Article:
Tip the shed upright, then set the roof on, aligning the front collar tie with the front rim joist and centering it side to side (Photo 3). Nail the cedar trim to the sides, aligning the 1x3s on the sides with the overhanging edge of plywood along the front edge. Glue and screw on the back and front siding panels to join the roof and base together. Use the back panel to square the structure and make it rigid.

Nail on the front trim piece, aligning it with the horizontal side battens. Attach flashing and felt to the front panel, then cover it with cedar shakes (Photo 4).

Hang the doors

Finally, construct the doors (see Figure A detail), cut the hinge mortises (see below) and hang the doors. Leave a 1/8-in. gap between the doors and trim along the top. Paint or stain if desired, then set the shed against the house on several inches of gravel. Add or take away gravel under the footings until the shed is tight against the siding and the gap above the doors is even. Screw the shed to the studs in the wall to keep it from tipping. Drill two 1/2-in. holes for the screws through the plywood near the rim joists, then loosely fasten the shed to the wall with 2-1/2-in. screws and large fender washers so the shed can move up and down when the ground freezes and thaws.

How to mortise a hinge

Mark the hinge locations on the doorjamb, then on the door, less 1/8 in. for clearance at the top of the door. Separate the hinge leaves, then align the edge of the leaf with the edge of the door or jamb. Predrill and fasten the leaf, then cut along all three edges with a razor knife to about the same depth as the hinge leaf (Photo 1).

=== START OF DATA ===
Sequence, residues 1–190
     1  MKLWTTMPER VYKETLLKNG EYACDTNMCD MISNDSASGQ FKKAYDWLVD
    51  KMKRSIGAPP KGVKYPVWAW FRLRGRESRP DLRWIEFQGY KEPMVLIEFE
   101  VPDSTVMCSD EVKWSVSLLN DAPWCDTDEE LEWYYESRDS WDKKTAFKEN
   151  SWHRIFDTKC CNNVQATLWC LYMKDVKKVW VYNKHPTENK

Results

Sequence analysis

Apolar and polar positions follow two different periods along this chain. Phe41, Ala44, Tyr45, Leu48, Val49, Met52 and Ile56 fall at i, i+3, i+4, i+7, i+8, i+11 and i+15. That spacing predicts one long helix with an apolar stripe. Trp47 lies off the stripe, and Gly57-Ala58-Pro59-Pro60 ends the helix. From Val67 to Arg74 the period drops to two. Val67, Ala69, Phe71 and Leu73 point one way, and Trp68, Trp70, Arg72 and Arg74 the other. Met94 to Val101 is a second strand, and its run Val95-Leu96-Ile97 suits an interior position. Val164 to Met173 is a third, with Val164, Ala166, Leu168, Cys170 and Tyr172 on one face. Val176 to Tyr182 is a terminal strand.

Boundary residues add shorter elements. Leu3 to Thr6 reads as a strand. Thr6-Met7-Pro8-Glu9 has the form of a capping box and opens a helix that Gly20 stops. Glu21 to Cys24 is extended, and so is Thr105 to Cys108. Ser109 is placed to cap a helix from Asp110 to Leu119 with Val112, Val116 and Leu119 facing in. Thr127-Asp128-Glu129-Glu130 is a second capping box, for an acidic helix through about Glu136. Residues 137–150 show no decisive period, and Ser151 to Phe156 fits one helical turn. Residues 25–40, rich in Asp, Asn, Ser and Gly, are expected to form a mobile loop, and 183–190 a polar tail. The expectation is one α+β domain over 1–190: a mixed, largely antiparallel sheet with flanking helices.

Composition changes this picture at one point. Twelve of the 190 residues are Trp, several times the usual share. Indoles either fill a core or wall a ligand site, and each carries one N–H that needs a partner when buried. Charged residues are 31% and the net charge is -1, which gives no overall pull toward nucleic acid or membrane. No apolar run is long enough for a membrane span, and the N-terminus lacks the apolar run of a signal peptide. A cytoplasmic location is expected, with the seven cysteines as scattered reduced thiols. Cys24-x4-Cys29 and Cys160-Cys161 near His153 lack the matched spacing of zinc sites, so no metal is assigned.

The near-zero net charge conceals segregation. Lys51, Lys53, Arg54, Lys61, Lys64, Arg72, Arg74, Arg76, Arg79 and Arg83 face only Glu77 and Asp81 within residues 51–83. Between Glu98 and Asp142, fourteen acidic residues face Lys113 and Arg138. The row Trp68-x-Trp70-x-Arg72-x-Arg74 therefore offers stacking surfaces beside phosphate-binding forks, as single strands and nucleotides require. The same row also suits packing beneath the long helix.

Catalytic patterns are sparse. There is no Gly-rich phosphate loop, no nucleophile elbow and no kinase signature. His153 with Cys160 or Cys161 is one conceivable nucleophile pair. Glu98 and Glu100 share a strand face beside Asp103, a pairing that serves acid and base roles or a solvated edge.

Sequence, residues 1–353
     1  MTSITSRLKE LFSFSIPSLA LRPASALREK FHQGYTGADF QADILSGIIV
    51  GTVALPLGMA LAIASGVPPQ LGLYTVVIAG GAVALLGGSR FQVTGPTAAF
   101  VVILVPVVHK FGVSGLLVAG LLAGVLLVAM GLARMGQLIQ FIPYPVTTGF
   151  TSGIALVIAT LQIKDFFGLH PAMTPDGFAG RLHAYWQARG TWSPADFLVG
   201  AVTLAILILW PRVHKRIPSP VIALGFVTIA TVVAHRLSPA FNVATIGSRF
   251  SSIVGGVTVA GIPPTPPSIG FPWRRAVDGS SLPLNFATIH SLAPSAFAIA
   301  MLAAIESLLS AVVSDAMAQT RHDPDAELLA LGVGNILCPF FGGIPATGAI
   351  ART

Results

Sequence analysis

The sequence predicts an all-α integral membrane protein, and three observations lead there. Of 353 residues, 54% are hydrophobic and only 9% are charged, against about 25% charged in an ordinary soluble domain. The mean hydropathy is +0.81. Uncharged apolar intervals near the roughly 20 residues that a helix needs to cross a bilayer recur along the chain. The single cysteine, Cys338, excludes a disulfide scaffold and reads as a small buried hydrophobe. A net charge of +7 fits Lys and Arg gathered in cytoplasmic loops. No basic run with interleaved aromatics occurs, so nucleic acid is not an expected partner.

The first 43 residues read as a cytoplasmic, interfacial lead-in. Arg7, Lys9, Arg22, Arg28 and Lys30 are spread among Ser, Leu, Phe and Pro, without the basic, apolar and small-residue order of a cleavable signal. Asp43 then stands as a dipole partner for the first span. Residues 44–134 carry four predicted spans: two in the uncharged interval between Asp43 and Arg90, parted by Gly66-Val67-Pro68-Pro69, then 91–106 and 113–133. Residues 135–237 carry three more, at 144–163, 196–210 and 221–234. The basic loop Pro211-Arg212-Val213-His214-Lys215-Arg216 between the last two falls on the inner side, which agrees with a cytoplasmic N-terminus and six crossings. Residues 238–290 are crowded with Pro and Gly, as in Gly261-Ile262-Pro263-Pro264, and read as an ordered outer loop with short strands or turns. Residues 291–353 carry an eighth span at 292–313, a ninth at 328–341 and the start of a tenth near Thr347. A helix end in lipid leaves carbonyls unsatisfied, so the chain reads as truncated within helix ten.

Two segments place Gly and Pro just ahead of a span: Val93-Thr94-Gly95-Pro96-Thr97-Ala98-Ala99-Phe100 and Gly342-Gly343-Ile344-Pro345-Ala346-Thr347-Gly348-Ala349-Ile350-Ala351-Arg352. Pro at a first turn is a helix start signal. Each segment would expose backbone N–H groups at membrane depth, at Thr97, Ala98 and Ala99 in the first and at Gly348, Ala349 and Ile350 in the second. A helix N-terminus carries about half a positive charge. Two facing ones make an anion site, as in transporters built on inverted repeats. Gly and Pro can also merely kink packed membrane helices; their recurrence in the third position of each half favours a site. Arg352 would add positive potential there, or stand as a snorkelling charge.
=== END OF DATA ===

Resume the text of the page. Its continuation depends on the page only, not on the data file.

Remove the hinge and make a series of angled cuts to establish the depth of the mortise (Photo 2). Turn the chisel over and clean out the chips using light hammer taps.

Holding the chisel with the beveled front edge against the wood, chip out the 1/4-in. sections. Check the fit of the hinge leaf and chisel out additional wood until the leaf sits flush.

If the hinges don't fit back together perfectly when you hang the door, tap the leaves up or down (gently) with a hammer.

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[FIGURE A OMITTED]
Cutting List

KEY    QTY.   SIZE & DESCRIPTION

A      4      1-1/2" x 3-1/2" x 32" rafters

B      3      1-1/2" x 3-1/2" x 20" fascia and
              ridge

C      4      3/4" x 2-1/2" x 27" nailers (pine)

D      2      3/4" x 2-1/2" x 18-1/2" nailers